However, as through all the episodes, everything involving our Angelic and Demonic pair of heroes is magnificent and that’s just as true of their new ending. The books see them merely shrugging off the idea of consequences for them somewhere down the line. But that moment simply becomes a piece of punctuation here before the hammer falls on them. In some ways, it’s a significant knock-on effect of the greater presence of the forces of Heaven and Hell in Gaiman’s script. We’ve actually met Gabriel and Beelzebub on screen, and it’s difficult to imagine them just letting things go. And the brand new resolution of just how Arizaphale and Crowley not only save the world but survive having saved it is genius.

This final battle for the Earth sacrifices some of the book’s funnier diversions, but it’s all in the service of a real sense of threat

Similarly, the decision to reinvent Adam’s confrontation with his biological father pays off brilliantly. As soon as Benedict Cumberbatch was announced as voicing Satan, the ears of fans perked up. Because he never actually appears in the book, being banished by Adam’s power before he can even rise. As staged here, it provides a more visual and dramatic confrontation. But more importantly, it forms a perfect encapsulation of one of Good Omens’ central themes. Adam gets the opportunity to choose who he wants to be. And moreover to reject his distant and manipulative ‘Father who art no longer in Heaven’.

The new material does result in some of the familiar elements from the book being sidelined or dropped for better or worse. These are primarily the funnier bits, which may have been a deliberate choice to avoid undercutting the danger. But still, it seems a terrible shame to lose things like Arizaphale’s world tour before he finds himself a guest in Madame Tracy’s head. How funny would his finding himself giving a sermon on live TV to a prosperity gospel megachurch has been? The Other Four Horsemen of the Apocalypse, effectively fans which Death, War, Famine and Pollution pick up at the truck stop, are another sad loss to Good Omens’ more comedic side.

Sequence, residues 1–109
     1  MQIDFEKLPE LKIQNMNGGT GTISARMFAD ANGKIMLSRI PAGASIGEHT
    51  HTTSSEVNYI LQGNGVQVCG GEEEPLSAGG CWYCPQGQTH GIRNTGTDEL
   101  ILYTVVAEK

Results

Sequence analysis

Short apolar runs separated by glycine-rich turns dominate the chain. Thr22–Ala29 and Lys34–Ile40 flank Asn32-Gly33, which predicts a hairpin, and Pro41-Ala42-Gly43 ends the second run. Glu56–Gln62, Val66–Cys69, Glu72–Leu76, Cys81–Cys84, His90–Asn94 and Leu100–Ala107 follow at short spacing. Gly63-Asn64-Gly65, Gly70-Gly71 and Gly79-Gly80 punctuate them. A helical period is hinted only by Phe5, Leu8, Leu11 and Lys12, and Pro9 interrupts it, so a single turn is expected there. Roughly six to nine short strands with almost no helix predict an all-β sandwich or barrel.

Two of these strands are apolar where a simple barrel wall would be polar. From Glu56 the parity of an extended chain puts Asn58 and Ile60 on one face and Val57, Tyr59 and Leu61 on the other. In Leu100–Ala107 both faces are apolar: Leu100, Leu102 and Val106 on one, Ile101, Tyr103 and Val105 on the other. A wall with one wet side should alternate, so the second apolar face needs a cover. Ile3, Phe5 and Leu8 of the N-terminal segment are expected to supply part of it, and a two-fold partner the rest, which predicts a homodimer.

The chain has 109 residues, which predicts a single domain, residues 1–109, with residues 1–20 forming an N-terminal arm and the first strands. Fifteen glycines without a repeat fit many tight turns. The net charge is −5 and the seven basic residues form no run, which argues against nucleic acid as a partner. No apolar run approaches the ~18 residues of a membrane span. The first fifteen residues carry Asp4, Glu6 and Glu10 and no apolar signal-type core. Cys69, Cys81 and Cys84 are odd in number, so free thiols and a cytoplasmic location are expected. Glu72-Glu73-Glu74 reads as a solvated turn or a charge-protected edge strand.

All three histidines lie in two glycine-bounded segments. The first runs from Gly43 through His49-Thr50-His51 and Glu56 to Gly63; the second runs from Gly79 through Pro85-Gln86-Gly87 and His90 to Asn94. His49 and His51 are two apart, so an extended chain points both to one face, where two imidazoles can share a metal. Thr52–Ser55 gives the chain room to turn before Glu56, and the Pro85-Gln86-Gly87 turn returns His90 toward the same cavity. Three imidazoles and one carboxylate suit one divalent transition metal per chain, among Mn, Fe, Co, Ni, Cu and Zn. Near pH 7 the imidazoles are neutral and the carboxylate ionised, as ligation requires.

Good Omens achieves all one could want from any book adaptation. It satisfies both fans of the book and newcomers. And should send the latter running to their local library.

Good Omens may well be one of the most perfect adaptations of a fantasy novel yet attempted. It’s an accomplishment probably only possible with the confidence of the original writer behind it. It doesn’t make wild departures into a barely recognisable form. It accurately and lovingly holds true to the letter and spirit of the original. But it also manages to add new elements and characters that lift and improve on it. Balanced against that, none of the bits and pieces that didn’t make it into the show (the Buggre Alle This Bible anyone?) are mortal wounds. But they should inspire viewers to run to their local bookshop or library and pick up the book. Think of them as deleted scenes. Only flatter and in black and white.